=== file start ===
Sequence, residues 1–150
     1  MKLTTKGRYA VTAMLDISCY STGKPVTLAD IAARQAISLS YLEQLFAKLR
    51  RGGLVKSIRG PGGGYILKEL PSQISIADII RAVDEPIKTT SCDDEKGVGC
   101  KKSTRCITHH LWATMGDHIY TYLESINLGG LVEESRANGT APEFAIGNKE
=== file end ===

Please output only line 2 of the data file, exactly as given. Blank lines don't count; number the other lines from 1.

     1  MKLTTKGRYA VTAMLDISCY STGKPVTLAD IAARQAISLS YLEQLFAKLR